What Are Early Termination Fees?

Early termination fees are penalties charged by retail energy suppliers when customers break a contract. If you reference this article on how energy futures trade, you will understand that when a supplier enters into a fixed-rate agreement with a customer, they pre-purchase, or agree to purchase, the energy for that contract upfront. So, in order to protect themselves from the future price of the market if they are forced to liquidate their position, retail energy suppliers often institute early termination penalties on customers who break a fixed-rate contract. This fee is structured to help the supplier recover its costs in case they are forced to sell the pre-purchased energy back to the market for a loss.

How Are Early Termination Penalties Calculated?

Although all retail supplier contracts are different, most suppliers have a liquidated damages clause in their agreements. This type of clause allows the supplier to charge the customer for the full amount of the remaining energy left on the agreement should they decide to cancel. Liquidated damages clauses are typically calculated by the following means:

(Contract $/kWh) – (Current Market $/kWh) x (Remaining kWh on Contract)

Since these clauses are often calculated by using mark-to-market accounting methods, the customer is left with a large bill. In fact, because of these early termination clauses in retail energy supply contracts, it is almost never worth leaving a contract early.

Fixed Early Termination Fee (ETF)

Some suppliers offer fixed ETF’s for small commercial and residential customers. Many times, these customers are too small to pursue in court for the full ETF, so the supplier simply charges a flat amount. These early penalties can range from $10/month remaining on the contract to a flat rate of $500, and anywhere in between. Many suppliers elect to not impose an ETF on residential contracts.

How Are Early Termination Fees Billed?

In most states, the supplier must send a separate bill to the customer, even if the supplier was billing the customer on utility consolidated billing. Other states, like Delaware, allow suppliers to add the early termination penalty directly to the utility bill. Customers are often shocked when they see an extraordinarily high utility bill containing an early termination fee. Either way, the customer is on the hook for honoring the fixed-rate contract with the supplier, and ETFs are a sure-fire way to ensure that they do so.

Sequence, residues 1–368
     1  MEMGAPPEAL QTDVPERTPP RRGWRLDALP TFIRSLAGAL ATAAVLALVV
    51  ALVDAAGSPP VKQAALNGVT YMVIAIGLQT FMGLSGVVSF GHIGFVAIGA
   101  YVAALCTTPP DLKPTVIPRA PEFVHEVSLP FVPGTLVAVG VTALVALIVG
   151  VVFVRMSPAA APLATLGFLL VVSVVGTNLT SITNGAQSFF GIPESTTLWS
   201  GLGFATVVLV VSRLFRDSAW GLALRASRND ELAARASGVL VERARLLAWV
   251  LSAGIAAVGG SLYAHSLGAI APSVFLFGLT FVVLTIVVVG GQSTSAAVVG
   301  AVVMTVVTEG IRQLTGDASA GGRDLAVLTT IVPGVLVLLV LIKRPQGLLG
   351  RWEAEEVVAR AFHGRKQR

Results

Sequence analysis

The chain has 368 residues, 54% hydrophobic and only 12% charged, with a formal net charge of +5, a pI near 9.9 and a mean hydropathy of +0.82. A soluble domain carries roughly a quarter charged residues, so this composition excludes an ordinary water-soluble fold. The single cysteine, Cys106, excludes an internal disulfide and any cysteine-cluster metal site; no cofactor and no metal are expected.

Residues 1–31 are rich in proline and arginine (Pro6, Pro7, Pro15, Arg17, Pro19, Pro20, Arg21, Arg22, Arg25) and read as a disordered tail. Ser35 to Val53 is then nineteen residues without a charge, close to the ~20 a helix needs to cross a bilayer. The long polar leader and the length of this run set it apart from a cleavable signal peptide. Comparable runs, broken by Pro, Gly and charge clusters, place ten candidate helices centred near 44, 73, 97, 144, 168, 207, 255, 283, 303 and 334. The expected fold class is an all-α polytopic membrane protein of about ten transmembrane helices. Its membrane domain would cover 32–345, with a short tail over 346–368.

What To Do When You Receive An ETF

If you receive an early termination penalty from your supplier, do not panic. The first step is to determine if and when you broke your fixed-rate contract. Maybe your energy broker forgot to notify you of an account drop and the supplier automatically sent you a bill. Maybe you were slammed by another supplier (see more here on slamming), and you did not have the intention to cancel your contract early. Either way, it is important to understand why you were billed a penalty.

Next, contact your supplier and try to come to a resolution. If you are working with a retail energy broker, they should be able to facilitate this for you. In fact, good energy brokers are on top of early termination penalties and can often get you reinstated into your old agreement for no fee. If you blatantly decided to break your fixed contract early, then the liability is on you, and you might have to pay the penalty to the old supplier.

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